While preeclampsia occurs primarily during pregnancy, postpartum preeclampsia can occur for up to six weeks after giving birth. Preeclampsia is the most common of the dangerous complications that can occur in expectant or new mothers. It can be caused by preeclampsia during pregnancy that is not resolved with the delivery of the baby or can occur seemingly out of nowhere following delivery.
Preeclampsia after delivery has several symptoms, including the new mother having blood pressure higher than 140/90 and excess protein in her urine. She may also experience issues with her vision, migraines, nausea, dizziness, sudden weight gain or severe abdominal pain. These symptoms can be typical in new mothers, which makes diagnosis of this condition difficult.
Researchers believe that insufficient blood flow to the uterus, issues with the immune system, damage to blood vessels during delivery and a poor diet are possible causes of preeclampsia after having the baby. Other possible causes are obesity, excessive stretching of the uterus and even air pollution. When preeclampsia develops during pregnancy both the mother and baby are put at risk. Only the mother is at risk with postpartum preeclampsia, yet this is considered even more dangerous for her because her body is weakened from the trauma of birth.
Postpartum preeclampsia is most dangerous to the mother within the first 48 hours after giving birth. It can result in multiple organ failure, infections and issues with blood clotting. If left untreated, it can also cause seizures and even send the mother into a coma, when it becomes eclampsia. There is also a risk of developing hemolysis, elevated liver enzymes and low platelet count (HELLP) syndrome, which can be life threatening to the mother. Current research also indicates that women who are diagnosed with preeclampsia, either during pregnancy or postpartum, are at greater risk of cardiovascular health issues later in life.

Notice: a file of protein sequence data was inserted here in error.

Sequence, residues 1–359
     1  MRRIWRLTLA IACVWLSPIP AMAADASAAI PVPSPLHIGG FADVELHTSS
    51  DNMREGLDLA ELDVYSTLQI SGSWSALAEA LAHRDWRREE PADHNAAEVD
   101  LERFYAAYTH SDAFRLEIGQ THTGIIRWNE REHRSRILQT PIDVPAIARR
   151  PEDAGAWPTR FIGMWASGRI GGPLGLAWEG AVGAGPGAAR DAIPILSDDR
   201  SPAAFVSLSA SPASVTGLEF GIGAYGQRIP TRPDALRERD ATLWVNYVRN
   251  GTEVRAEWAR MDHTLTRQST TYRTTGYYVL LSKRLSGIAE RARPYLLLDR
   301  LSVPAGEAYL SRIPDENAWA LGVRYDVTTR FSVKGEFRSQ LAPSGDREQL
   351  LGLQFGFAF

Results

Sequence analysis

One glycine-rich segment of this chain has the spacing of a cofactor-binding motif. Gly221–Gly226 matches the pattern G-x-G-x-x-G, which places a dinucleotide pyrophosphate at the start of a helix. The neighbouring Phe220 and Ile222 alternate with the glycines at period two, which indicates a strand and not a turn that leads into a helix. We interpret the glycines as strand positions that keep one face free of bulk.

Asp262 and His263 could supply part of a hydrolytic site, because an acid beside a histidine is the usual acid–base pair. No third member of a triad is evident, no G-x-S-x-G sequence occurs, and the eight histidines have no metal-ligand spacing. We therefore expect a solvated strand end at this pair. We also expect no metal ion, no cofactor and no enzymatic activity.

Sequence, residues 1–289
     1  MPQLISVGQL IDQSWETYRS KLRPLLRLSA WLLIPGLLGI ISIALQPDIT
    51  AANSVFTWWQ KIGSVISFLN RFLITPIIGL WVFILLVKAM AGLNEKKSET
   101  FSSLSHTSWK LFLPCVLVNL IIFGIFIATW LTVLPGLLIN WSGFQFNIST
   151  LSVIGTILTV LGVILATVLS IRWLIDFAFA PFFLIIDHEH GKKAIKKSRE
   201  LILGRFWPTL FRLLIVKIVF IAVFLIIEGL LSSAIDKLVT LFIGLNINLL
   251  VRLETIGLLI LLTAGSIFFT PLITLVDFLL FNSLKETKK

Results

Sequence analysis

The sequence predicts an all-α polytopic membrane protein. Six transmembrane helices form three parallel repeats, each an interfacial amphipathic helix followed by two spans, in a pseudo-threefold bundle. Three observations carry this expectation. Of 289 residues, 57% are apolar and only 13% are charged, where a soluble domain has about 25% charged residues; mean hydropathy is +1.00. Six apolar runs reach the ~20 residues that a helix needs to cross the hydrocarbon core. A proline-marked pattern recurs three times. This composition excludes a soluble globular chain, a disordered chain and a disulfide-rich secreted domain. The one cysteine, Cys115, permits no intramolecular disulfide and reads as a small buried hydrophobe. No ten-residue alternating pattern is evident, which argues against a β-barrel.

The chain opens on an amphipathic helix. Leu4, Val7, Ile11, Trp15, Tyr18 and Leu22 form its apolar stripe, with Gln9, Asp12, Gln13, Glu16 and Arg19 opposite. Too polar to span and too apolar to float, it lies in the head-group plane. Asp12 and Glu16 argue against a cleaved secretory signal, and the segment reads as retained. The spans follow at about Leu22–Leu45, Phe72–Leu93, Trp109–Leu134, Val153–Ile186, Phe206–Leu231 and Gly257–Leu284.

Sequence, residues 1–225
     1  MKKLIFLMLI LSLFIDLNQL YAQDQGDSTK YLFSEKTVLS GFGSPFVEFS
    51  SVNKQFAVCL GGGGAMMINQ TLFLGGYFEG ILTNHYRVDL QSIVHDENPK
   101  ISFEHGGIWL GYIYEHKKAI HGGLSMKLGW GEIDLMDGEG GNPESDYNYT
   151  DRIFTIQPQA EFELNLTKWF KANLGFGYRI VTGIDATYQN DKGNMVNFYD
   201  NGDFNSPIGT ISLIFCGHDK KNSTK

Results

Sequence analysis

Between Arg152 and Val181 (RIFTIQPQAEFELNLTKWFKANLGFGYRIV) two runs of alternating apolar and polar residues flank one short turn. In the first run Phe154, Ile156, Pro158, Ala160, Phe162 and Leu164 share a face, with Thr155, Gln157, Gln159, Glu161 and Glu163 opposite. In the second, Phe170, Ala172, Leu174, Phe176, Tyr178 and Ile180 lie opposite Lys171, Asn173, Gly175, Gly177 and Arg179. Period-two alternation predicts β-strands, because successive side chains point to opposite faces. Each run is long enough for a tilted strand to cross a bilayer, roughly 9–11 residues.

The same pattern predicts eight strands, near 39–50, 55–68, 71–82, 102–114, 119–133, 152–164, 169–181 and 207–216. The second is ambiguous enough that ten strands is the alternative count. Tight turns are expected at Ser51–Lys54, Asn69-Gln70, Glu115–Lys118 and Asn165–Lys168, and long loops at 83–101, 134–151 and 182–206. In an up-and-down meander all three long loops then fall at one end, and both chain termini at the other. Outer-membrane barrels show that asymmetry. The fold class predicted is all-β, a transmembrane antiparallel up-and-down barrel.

Women at risk for this disorder include those who were diagnosed with preeclampsia during their pregnancy, women who have given birth to multiples, women under the age of 20, women over the age of 40 and first-time moms. While preeclampsia that develops during pregnancy can only be treated by delivering the baby, postpartum preeclampsia can be treated with high blood pressure medication, anti-seizure medication, steroids, blood transfusions or even surgery. If diagnosed in time, the prognosis for the mother is very good.
Today, new mothers usually undergo a standard screening for postpartum preeclampsia before leaving the hospital after giving birth and during their six-week postpartum checkup. Doctors routinely check blood pressure and monitor swelling of the legs and feet, which is a frequent and early symptom of the problem, although swelling of these areas also is common for any new mother. Despite this monitoring, doctors encourage new mothers to report any symptoms of postpartum preeclampsia to their primary doctor the minute they are noticed. If symptoms are severe, women are encouraged to go to the emergency room immediately.